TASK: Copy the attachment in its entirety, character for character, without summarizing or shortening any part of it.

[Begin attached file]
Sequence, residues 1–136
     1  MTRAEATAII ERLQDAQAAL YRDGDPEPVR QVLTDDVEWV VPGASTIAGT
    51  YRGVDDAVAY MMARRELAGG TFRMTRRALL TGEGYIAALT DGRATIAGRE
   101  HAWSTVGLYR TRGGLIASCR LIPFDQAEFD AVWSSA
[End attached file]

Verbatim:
Sequence, residues 1–136
     1  MTRAEATAII ERLQDAQAAL YRDGDPEPVR QVLTDDVEWV VPGASTIAGT
    51  YRGVDDAVAY MMARRELAGG TFRMTRRALL TGEGYIAALT DGRATIAGRE
   101  HAWSTVGLYR TRGGLIASCR LIPFDQAEFD AVWSSA